dandelion clocks

I hate dandelions. I can’t think of one thing that’s good about them. They straggle all over our driveway and however hard we try they keep multiplying. Don’t tell me that their leaves are good in salads or tea because we live on a busy road and there is no way I’d eat anything that was grown at the front of my house. Don’t tell me they’re good for the bees as we have many other, prettier flowers that the bees love. Here’s what our front step looked like earlier:



Actually, it’s not just dandelions I hate. There’s two closely related flowers that also take over our garden. This monstrosity:



and this one:


Which looks pretty close up, but which takes over the whole garden if I am not ruthless.

They’re not even rhizomes – if they were I’d have a grudging sort of like for them all – but they’re not. they’re taproots. Ugh – you pull, and pull and pull – and out comes a huge long straggly root. And you know – you just know – that there’s a tiny bit left in the earth that will regenerate. I’ve just spent an hour out in the garden fighting with them (and other weeds, of course) and my back aches, and I know that next time I go out to look at the garden there’ll be more of the little horrors mocking me. I could make an analogy with education, or beliefs … and of course there is a huge difference which could be teased out, but I just wanted to vent today.

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11 Responses to Dandelions

  1. fmindlin says:

    Whoa sister! NOTICE: alert for a serious rant to follow: one of the first and most important lessons I got from my first gardening mentor was to banish the word “weed” from my vocabulary. There is no reason to impose our pejorative viewpoint on the plants which are crucial to the survival of our soil–our one and only earth, baby!–just because of our narrow conceptions of what a “garden” should look like. The plants we are paying the most attention to and cultivating are our cultivars. The other plants growing there are volunteers. We need our volunteers, too, and we need to respect them for what they do. The essence of cultivation is directing our positive attention to the cultivars we select. The volunteers who are crowding them need to be removed, but without malice, and with thanks for the service they provide in the small corners we leave for them or the neighboring spaces where we can’t control them.
    No wars against “invasive” weeds, just gentle and positive attention to our cultivars and respectful redistribution of the spaces allowed for volunteers, with thanks to them for their invaluable service.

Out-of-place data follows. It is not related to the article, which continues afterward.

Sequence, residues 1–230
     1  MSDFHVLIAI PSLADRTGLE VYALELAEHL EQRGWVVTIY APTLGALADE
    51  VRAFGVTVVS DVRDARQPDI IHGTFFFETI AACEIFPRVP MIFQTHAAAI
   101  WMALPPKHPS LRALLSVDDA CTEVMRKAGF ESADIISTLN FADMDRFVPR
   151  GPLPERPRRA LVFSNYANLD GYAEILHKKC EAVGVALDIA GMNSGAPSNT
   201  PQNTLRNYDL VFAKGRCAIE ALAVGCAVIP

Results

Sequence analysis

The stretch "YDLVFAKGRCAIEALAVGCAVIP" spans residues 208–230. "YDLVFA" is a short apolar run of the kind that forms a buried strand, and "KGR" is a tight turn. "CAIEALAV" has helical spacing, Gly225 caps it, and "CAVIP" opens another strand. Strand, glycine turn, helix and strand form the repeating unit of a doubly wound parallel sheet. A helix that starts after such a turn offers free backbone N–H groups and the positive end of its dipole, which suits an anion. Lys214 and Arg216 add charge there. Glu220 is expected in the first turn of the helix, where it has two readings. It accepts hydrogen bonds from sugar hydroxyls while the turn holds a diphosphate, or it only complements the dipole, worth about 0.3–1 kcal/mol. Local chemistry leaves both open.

• NomadWarMachine says:

      Hi Fred – thanks for your counter rant 🙂 Trust me, the dandelions are getting plenty of space to grow around here – just not in my flower beds (if I can help it!).

  2. fmindlin says:

    PS–dandelions are also one of our most powerful medicinal plants, a valuable food plant now cultivated for its edible leaves, and a plant which–precisely because of its deep tap root–is excellent for deeply opening compacted earth and (when they die) leaving convenient trails for the worms and microbes and other soil dwelling creatures who keep our soils alive.

  3. scottx5 says:

    Dandelions have gotten really good at developing a sustainable lifestyle. They survive without any particular malice towards anyone. Their enormous tap root suggests a life dedicated to individual contemplation of self while the seed head indicates a willingness to share the good fortune of a suitable environment for others to flourish in. Personally, I find rhizomes to be sultry, unenthusiastic and likely tainted by unsavory travel through any destination that will coddle their habits of creep and sprawl.

    Anyway, dandelions are without subtlety, shame or permission. Sounds good to me!

    • NomadWarMachine says:

      Gosh, you Dandelion lovers!

      • scottx5 says:

        It could also be that we are somehow influenced by dandelions and unaware of it. Have you ever noticed that they always gaze at the sky as if they in the thrall of messages sub or supra galactic? Though their heads are round and apparently bedazzled like the eyes of believers, they never look at you or even follow your movements. Perhaps we regard them as the anti-cultivar. Beings that do something mysterious without feeling the need to explain themselves, arrange in attractive formations or come with useful brochures or persuade us to form enthusiast clubs.

        The Day of the Triffids

        • NomadWarMachine says:

          Triffids terrified me when I first read about them. Dandelion triffids are truly the stuff of nightmares.

          • scottx5 says:

            I wonder if we fear plants in general because they SEEM unintentional while dandelions are obviously intent on behaving in a disorderly fashion?

          • NomadWarMachine says:

            Well, I think I’ve got a rebellion on my hands – I’ve just been out untangling a clematis from my sage bush.

  4. Wendy says:

    my taproot (belief) keeps me steady. Cut it off at the surface….it’s still there.

    Love the rant!

  5. Pingback: Ugly is as ugly does | NomadWarMachine

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